This past July, the FCC (News - Alert) issued a new Declaratory Ruling in response to 21 petitions filed seeking clarification of their 2012 prior-express-written-consent rule, which basically prohibits the use of an automatic telephone dialing system (ATDS) to call or text a mobile phone for informational purposes without the prior express consent of the recipient.
It wasn’t all that long ago that cases were flooding courtroom chambers and made the FCC update what “implied consent” and “expressed consent” meant.
In 2013, confusion and hefty fines doled out to call center operators led to the FCC publishing a more updated interpretation of “prior express consent,” meaning consent “must be obtained via a prior, written and signed agreement specifically stipulating the use of automated or pre-recorded calls and text messages via auto or predictive dialers.”
New compliance rules state that telemarketing calls, as well as pre-recorded messages using automatic dialers must have prior written consent and must be compliant by October 8, 2015. Businesses and organizations may use the E-Sign Act to obtain e-signatures either via email, a website, or text or telephone key press. Consent must include a disclosure that telemarketing calls may be made using auto dialers, and that consent does not mean obligation to purchase. Businesses must maintain these consent records for four years.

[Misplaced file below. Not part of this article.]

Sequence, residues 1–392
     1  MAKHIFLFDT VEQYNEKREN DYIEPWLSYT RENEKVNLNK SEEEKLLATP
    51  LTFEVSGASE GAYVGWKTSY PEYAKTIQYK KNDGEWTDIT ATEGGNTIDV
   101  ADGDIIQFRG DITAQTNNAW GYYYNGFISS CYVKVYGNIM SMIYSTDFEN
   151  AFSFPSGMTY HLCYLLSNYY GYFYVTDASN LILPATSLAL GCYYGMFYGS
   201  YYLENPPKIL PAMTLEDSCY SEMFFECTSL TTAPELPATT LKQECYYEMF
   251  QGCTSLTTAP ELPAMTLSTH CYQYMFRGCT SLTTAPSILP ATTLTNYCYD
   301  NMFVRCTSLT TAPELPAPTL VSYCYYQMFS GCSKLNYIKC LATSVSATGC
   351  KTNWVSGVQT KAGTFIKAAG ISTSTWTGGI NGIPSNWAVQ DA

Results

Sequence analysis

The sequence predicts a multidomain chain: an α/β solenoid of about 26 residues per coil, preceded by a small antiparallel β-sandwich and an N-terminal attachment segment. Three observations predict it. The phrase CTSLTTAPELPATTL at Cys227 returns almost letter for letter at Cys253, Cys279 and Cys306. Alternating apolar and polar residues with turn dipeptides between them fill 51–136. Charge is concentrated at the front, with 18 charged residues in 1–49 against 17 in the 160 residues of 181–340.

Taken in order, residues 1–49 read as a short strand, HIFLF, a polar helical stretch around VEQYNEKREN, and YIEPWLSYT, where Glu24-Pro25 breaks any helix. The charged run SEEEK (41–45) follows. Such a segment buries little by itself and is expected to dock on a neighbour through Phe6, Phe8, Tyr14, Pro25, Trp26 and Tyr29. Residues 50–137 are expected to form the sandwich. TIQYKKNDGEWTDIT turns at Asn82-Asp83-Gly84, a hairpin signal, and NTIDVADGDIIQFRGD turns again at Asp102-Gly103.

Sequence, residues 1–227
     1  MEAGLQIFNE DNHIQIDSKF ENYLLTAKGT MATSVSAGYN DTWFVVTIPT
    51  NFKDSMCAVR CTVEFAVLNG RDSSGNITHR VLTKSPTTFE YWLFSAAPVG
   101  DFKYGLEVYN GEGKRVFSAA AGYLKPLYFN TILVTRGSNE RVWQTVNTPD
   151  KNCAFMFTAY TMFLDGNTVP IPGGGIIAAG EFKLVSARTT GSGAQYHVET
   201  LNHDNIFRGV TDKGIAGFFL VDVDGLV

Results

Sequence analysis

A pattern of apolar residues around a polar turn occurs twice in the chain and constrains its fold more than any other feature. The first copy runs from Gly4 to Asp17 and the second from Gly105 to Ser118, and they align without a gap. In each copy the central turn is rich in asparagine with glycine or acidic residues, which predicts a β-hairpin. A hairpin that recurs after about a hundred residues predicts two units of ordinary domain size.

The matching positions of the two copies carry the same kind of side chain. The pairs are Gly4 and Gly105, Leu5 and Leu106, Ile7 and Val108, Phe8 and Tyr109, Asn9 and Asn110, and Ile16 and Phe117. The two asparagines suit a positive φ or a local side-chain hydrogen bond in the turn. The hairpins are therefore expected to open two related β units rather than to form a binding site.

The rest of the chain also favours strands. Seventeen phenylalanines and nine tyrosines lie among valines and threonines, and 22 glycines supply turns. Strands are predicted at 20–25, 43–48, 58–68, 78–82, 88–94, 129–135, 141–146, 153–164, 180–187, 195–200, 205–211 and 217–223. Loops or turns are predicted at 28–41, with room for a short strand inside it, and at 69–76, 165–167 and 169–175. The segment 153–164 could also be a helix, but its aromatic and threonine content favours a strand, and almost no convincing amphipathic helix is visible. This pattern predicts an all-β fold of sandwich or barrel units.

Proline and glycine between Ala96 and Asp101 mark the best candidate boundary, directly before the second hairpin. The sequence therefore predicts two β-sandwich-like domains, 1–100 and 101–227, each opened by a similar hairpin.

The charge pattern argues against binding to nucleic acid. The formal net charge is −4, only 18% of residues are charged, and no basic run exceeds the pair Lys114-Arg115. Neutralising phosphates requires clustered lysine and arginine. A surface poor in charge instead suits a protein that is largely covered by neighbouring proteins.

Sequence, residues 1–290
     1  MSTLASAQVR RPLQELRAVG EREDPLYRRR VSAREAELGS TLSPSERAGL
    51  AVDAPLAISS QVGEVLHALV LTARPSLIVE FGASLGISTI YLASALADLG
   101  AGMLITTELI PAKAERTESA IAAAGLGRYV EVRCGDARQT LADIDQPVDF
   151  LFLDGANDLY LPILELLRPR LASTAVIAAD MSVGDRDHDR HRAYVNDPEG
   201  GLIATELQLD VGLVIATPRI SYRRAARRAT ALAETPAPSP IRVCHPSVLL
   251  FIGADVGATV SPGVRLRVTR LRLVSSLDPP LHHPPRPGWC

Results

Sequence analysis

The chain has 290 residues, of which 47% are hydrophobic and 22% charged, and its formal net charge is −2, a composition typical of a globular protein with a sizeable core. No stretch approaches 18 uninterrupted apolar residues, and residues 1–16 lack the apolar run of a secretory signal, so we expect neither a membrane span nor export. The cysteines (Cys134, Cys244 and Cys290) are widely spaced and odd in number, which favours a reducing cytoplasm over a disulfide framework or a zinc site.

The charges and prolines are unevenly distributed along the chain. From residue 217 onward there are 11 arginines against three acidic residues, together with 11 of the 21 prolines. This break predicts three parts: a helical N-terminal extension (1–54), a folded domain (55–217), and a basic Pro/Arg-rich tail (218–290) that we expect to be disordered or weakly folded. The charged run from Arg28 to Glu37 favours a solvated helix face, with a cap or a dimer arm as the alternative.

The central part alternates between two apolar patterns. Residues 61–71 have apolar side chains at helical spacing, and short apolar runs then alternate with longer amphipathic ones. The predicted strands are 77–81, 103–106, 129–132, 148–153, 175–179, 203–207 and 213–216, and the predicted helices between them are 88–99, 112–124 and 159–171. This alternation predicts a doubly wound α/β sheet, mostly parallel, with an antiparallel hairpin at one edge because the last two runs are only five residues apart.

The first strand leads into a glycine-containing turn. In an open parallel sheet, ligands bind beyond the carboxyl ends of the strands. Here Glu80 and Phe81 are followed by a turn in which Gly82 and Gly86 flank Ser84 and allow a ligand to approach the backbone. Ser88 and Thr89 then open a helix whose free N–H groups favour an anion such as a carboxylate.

How can organizations mitigate risks for the new standards?
According to DAKCS Software Systems, businesses should scrub numbers, which means cleaning the data to ensure you’re only using compliant data. They should always make sure they are, in fact, getting prior express consent, and of course watch out for reassigned numbers.
According to InsideARM, “the FCC clarifies that the TCPA requires the consent of the current subscriber or user of the wireless phone number. In other words, it’s a violation of the TCPA to use an auto dialer to call a wireless number that the caller has actual or constructive knowledge no longer belongs to the person who properly gave the prior consent.”
This ruling means that the caller can make one call simply to determine if the number has been reassigned.
Given that call centers, marketing firms and businesses rely on predictive dialers to reach out to their lead lists, maintaining compliance is key to avoiding hefty fines.
Edited by Rory J. Thompson